So. This morning I decided to go down to city hall. Not to go to the farmer’s market (in the parking lot next door) —
— though I did grab some local beets and apples afterwards — but to attend a three-hour workshop for Bloomington Neighborhoods put on by HAND (Department of Neighborhood Development). And you know what? Besides terrific networking, and lots of ways of not just thinking about and appreciating, but feeling into and sensing the sounds and smells of various neighborhoods as told by those who live in them, I learned something very interesting, which is: the city does not decide the boundaries of neighborhoods. We citizens do. The city then provides us with maps of the boundaries we have chosen. Implication: we can contract or expand those boundaries if there is the will to do so. Interesting, eh? Stunning, really. Somehow, we just naturally all assumed that the city dictated the boundaries of our neighborhoods.
To me, this fact just goes to show far we have we moved from sensing and acting on our own individual and neighborhood sovereignty in this still-ratcheting up, centralizing dynamic that assumes it will decide the future of everything, every single little thing, including each of us — each of us with a heart and soul — as another mere “thing”! — via top-down pyramidal control.
On my way to the workshop, I had to thread my way through a crowd of milling women waiting for this year’s 18th annual Run for the (Cancer) Cure.
This event has always made me shake my head in bewilderment, given that I prefer alternative healing, and that damn pink ribbon business is definitely an outreach of the Medical Industrial Complex.
Indeed, as I opened the door to city hall I heard, over the loudspeaker, warnings about making sure you get annual mammograms, and remember to check your own breasts one week after each period. My goddess! I thought to myself: fear-mongering! (I have yet, in my 72 years, to succumb to the grotesque allure of a mammorgram). But, as usual, I kept my mouth shut and kept walking.
BTW: there’s more and more news about the possible cancer-causing effects of mammograms, something I’ve suspected all these decades.
I was heading into the Soul and Heart of Community workshop still hungover emotionally from last night’s exhausting and, strangely enough, exhilarating opera:
Why exhilarating? Because in the course of a two-hour exquisitely and powerfully produced production, the audience was led through what the Greeks used to call “pity and terror” to “catharsis” in response to “tragedy.”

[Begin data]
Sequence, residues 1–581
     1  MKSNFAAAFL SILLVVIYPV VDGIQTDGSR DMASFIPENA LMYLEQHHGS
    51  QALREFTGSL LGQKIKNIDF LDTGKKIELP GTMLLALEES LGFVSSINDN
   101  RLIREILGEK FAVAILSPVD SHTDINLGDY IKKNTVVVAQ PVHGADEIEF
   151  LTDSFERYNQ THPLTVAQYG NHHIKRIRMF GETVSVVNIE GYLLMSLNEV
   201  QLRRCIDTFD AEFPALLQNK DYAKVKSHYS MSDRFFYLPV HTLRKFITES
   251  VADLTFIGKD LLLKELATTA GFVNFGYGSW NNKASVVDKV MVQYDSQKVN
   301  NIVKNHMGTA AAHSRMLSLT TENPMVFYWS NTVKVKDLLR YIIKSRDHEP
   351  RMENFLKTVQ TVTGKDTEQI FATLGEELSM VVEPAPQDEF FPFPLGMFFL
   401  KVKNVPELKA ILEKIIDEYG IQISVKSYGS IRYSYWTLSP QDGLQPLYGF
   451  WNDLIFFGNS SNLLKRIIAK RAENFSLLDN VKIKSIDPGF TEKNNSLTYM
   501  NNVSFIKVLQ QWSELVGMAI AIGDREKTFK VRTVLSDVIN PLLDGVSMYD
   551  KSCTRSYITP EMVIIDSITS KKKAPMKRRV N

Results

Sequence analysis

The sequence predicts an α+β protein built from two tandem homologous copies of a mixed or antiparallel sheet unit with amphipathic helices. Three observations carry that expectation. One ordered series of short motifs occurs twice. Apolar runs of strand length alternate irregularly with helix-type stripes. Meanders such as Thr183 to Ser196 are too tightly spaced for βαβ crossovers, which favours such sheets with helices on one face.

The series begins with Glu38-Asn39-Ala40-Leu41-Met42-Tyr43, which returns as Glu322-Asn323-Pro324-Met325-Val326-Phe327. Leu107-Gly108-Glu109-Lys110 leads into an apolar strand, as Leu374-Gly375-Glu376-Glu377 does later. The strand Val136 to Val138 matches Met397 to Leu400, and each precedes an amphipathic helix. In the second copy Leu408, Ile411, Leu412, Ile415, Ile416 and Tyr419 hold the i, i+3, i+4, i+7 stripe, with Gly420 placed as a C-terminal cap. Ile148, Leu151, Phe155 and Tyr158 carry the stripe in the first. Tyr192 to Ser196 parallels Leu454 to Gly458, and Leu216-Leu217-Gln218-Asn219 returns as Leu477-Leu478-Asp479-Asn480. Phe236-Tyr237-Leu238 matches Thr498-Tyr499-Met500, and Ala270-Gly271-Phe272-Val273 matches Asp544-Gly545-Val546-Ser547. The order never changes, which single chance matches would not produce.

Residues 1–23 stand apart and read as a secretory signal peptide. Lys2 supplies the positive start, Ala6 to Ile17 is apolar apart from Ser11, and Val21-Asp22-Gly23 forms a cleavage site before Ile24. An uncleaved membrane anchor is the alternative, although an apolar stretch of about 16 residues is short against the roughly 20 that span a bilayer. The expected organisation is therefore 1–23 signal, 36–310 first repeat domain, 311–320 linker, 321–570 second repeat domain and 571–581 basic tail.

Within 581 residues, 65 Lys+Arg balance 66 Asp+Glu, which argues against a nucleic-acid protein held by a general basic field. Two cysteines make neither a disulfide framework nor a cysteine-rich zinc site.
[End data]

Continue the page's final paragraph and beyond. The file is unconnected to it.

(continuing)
Tragedy: Tragedy dealt with the big themes of love, loss, pride, the abuse of power and the fraught relationships between men and gods. Typically the main protagonist of a tragedy commits some terrible crime without realizing how foolish and arrogant he has been. Then, as he slowly realizes his error, the world crumbles around him. The three great playwrights of tragedy were Aeschylus, Sophocles, and Euripides.
Aristotle argued that tragedy cleansed the heart through pity and terror, purging us of our petty concerns and worries by making us aware that there can be nobility in suffering. He called this experience ‘catharsis’.
I presume you are familiar with the plot, one iteration of the true story of a nun who befriended a convicted murderer and remained with him until the night, “August 4, 1984, midnight” when he was executed.
The plot revolves around his denial of his guilt, her insistence that he tell the truth, their growing connection and trust, and the terrible emotional consequences for not only his rape and murder victims, but their families. All the seemingly forever stuck feelings of rage and revenge match both his bombastic denial and the nun’s anguished persistence until finally, this “dead man” breaks down, comes clean, and begs for forgiveness with heart and soul. In the words of last night’s Program Notes”
It is within this context that the meaning and significance of Dead Man Walking is found; this is the reason why so many different adaptations of the same story are uniquely compelling. Violence disturbs and upsets, and almost singularly leads only to more violence, until the chain of negativity is broken by a courageous individual willing to place herself in the midst of this turmoil.
Now here’s the kicker: not “just” the plot,” but the inspired lyrics and music were so provocative and unsettling that I estimate fully one-third of the audience in front of me did not return for the second and final act! Too disturbing to be disturbed? Too difficult for this distraction and entertrainment oriented culture to actually stick around to process difficult emotions?
Walking home, I thought about how the many conflicting tribes of the Middle East could benefit from this performance. How that boil on the surface of Mother Earth threatens to blow us all up. How it mirrors the boils in our own relationships closer to home, like the drunk man who nearly throttled a headscarf-wearing woman at a Turkish Cafe downtown here last week. Speaking of which, I was heartened to see that women rallied in her defense at that same cafe yesterday.
So, Neighborhood as Heart and Soul of Community, yes. But so is everything else, all the ways we interweave our small daily lives. All the shadowy stuff in ourselves that gets projected onto others. All of it. It all counts. We all count. No matter how “evil” or “difficult” or “disgusting.” The same sun shines on us all. The same galaxy swirls Earth through the vast Mystery. The same stars wink and blink us into and out of existence, just so quick! It’s as if whatever was never existed, so fast does the NOW recede into memory. Rumi: